Better Late than Never

For some reason, this past week and a half has been a little overwhelming.  I truly feel I need to have my laptop tied to my hip. 

I like the idea of social networking.  After listening to Darren’s presentation, I think I can incorporate Web. 2.0 tools into my classroom.  I also am toying with the idea of having a blog for administrators in our division.  How to administer the blog is the question I am still trying to sort out.  I do beleive more than ever that I can only begin with baby steps and grow as needed.  I think Darren reinforced this as well.  The cool thing about the social web is that a person can use Web 2.0 tools however they like.  All creations are unique, and I think this is what we tell students to do as well.

One thing I found over the last while is that I spend so much time viewing other people’s blogs, that I tend to forget about my own!  If I comment too much on other blogs, will I have anything interesting to say on my own.  Mass marathon sessions in front of the computer do not help either.  Viewing for shorter time periods more often throughout a day is typically better, but do we want to be in front of the computer all the time?  I feel a visit to BEST BUY to get a palm pilot or whatever is coming on soon!

I find the new tools very interesting, but more than I can handle right now.  I signed up for a Flickr account, but have not investigated it thoroughly.  I read about Voicethread, but don’t have a clue how to use it.  I always felt I had a decent grip on technology but wow!  It seems like a Bill Cosby moment – that is, Bill had all different types of appliances but never used them.  Is this what I am becoming with Web 2.0 stuff?  Oy vey!!!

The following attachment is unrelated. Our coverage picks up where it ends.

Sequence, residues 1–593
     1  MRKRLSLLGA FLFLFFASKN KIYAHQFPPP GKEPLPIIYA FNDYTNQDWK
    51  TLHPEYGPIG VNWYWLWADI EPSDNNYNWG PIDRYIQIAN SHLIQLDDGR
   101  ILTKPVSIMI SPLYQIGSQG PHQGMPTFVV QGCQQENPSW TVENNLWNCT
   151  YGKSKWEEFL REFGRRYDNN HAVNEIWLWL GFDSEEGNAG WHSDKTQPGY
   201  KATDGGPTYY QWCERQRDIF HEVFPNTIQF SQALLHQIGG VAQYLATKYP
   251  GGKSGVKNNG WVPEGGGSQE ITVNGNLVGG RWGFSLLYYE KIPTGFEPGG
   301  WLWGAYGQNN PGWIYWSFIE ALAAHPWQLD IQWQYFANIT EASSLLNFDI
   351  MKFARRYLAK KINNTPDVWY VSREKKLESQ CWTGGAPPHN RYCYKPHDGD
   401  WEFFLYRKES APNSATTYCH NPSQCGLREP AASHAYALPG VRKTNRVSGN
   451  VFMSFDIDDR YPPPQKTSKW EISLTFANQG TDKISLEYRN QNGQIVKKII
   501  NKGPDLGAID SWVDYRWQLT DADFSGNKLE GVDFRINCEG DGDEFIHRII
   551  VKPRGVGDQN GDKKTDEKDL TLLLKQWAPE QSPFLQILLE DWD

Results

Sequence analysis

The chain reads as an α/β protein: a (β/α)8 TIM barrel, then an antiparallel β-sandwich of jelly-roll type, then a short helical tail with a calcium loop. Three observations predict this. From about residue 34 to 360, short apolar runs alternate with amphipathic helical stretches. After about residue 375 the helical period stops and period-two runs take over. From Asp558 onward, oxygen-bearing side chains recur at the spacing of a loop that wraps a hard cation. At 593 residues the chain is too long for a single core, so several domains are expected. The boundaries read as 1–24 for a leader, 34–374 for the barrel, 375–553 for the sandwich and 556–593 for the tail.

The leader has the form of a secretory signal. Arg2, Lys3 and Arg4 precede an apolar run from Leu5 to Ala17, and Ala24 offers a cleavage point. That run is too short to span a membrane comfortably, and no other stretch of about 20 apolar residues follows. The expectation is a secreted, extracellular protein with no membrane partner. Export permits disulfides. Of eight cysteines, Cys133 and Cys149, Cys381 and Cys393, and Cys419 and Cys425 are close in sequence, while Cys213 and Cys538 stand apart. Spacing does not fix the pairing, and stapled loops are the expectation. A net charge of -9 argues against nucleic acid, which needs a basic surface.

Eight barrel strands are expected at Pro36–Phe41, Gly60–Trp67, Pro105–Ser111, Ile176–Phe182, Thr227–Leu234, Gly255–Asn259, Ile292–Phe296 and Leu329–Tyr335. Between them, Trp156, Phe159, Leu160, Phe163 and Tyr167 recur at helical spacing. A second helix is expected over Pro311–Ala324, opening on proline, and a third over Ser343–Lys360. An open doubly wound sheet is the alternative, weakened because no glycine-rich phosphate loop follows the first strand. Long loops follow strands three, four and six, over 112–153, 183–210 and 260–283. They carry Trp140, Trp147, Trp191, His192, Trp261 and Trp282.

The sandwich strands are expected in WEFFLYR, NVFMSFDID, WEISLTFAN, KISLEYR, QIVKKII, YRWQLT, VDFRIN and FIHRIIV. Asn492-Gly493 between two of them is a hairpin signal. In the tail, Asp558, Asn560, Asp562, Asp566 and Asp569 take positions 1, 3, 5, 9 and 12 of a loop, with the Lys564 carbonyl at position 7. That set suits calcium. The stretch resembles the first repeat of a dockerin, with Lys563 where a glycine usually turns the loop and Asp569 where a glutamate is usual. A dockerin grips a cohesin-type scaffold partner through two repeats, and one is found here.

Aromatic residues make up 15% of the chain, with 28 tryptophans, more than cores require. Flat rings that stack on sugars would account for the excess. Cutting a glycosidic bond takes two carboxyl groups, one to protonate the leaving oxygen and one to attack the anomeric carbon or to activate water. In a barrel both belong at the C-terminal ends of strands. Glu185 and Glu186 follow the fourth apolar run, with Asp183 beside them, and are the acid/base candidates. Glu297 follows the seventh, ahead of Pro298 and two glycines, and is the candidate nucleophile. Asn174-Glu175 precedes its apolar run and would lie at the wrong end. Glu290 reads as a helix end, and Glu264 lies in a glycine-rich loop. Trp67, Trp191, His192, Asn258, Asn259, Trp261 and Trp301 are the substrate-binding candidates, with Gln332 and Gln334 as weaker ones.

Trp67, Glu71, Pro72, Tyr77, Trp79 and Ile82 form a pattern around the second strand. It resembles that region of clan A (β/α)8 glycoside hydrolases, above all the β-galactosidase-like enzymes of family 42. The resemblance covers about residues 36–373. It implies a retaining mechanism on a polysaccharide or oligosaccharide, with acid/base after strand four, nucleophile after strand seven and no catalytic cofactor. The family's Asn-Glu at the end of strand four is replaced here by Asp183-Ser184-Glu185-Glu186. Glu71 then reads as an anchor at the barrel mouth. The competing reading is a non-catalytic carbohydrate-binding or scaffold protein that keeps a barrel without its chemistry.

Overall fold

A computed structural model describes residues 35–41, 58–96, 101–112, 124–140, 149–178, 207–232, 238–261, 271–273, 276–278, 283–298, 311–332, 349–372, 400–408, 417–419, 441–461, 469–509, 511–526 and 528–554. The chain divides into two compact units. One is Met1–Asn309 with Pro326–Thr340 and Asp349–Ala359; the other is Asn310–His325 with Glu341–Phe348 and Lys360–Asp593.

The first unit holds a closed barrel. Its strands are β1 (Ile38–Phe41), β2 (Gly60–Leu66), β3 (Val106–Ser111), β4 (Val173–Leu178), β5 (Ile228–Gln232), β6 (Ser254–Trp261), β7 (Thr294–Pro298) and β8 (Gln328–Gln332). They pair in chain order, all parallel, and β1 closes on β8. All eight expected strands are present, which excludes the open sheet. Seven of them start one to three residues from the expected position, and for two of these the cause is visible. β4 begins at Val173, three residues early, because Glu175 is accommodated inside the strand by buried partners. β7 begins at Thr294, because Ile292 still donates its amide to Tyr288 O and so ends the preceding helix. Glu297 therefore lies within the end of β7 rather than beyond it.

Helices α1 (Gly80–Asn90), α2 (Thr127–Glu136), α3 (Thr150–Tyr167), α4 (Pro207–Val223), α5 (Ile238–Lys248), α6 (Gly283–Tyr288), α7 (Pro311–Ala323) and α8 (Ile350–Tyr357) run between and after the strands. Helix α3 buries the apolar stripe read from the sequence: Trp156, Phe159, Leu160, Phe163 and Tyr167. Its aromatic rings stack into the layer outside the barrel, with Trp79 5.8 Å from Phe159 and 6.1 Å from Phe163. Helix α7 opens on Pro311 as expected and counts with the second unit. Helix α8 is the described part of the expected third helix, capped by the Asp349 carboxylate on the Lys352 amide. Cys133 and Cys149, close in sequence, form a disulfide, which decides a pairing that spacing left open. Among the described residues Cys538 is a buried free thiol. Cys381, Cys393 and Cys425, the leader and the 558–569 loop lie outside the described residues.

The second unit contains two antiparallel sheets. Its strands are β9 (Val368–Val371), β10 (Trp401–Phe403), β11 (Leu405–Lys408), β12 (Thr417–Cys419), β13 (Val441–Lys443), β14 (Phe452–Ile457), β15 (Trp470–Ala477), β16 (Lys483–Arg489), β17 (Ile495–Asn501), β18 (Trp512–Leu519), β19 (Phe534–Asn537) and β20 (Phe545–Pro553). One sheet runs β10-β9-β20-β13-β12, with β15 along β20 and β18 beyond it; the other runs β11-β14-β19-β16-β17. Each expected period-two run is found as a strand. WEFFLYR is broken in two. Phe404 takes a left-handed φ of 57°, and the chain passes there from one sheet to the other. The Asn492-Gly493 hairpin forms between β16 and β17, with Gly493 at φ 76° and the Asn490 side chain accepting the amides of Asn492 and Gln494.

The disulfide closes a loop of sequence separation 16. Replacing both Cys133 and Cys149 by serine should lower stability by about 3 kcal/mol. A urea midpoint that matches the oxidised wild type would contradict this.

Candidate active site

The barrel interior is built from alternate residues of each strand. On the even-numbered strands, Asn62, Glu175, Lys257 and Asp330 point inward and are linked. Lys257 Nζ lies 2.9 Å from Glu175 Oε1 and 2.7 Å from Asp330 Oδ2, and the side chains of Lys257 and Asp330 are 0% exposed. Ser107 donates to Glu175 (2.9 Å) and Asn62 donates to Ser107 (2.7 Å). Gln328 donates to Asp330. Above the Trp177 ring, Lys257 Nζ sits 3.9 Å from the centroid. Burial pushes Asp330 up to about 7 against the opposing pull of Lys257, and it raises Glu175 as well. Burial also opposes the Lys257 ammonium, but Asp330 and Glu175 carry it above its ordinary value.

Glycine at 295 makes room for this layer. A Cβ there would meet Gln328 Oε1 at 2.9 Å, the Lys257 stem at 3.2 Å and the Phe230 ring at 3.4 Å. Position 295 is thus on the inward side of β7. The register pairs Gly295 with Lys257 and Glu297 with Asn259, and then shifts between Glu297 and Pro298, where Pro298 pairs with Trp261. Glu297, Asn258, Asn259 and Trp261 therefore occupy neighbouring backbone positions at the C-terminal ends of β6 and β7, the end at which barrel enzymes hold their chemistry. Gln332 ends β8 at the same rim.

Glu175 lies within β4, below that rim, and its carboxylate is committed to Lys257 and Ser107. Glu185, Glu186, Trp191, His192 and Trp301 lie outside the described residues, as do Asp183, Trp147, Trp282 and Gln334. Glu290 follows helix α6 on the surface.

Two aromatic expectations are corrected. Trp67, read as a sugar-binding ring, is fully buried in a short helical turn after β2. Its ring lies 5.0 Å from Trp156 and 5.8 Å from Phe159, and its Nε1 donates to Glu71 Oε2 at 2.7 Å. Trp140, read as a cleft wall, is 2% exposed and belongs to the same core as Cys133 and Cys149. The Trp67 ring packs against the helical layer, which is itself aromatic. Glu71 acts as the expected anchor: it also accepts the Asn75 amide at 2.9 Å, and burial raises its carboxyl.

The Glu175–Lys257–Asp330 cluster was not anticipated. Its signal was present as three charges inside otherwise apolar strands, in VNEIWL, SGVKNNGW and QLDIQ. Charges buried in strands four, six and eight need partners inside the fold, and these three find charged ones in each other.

1. Dave, when you first start blogging, you are always searching for original ideas. After you settle in, you will get excited when someone else has posted what you were already thinking, but didn’t have time to post! Then you can just add icing to the pre-fab cake! I run this network for my instructors and you are welcome to take a look and see if something like it would work for your administrators

    • Shaun Loeppky
    • February 1st, 2008

    After reading your blog, a question arises in my mind about the nature of writing a blog. I find even when I am writing content not related to the class, I pour over the content of the blog, make hundreds of revisions, and often most of the revisions are not just correct sentence structure!
    Clear communication is important, but should we pause too much in jotting down our thoughts? In regular FTF conversation we don’t have the luxury of long periods of reflection before writing. Rob has mentioned in his blog that the length of a blog shouldn’t be too long. How much should we emulate actual conversation?

  2. Dave, I understand where you’re coming from. I find that managing all of the new tools we’ve been exposed to overwhelming. I find the conversations we have in the chat room during sessions entertaining. Kyle said that learning about and how to use computers is like learning a second language. So true! Sometimes I haven’t a clue what people are talking about. But don’t give up! Your blog looks good. Good luck and I’m sure we’ll chat again.

    • leahdewhurst
    • February 2nd, 2008

    I liked your Bill Cosby analogy. I feel if I take the time to get to know a program, something else will come along and the cycle will continue. Will I ever really get to know a program and use it to its full potenial?

    Voicethread does seem like a very complicated tool to use, but its really not. If you read the tutorials over and over again, eventually it will all make sense. I can definately see the use of voicethread in the classroom. My students truly enjoyed speaking in the microphone and seeing their story posted. The parents also enjoyed being able to see the finished product. They were also glad that they could send the link on to grandparents, uncles and aunts 🙂

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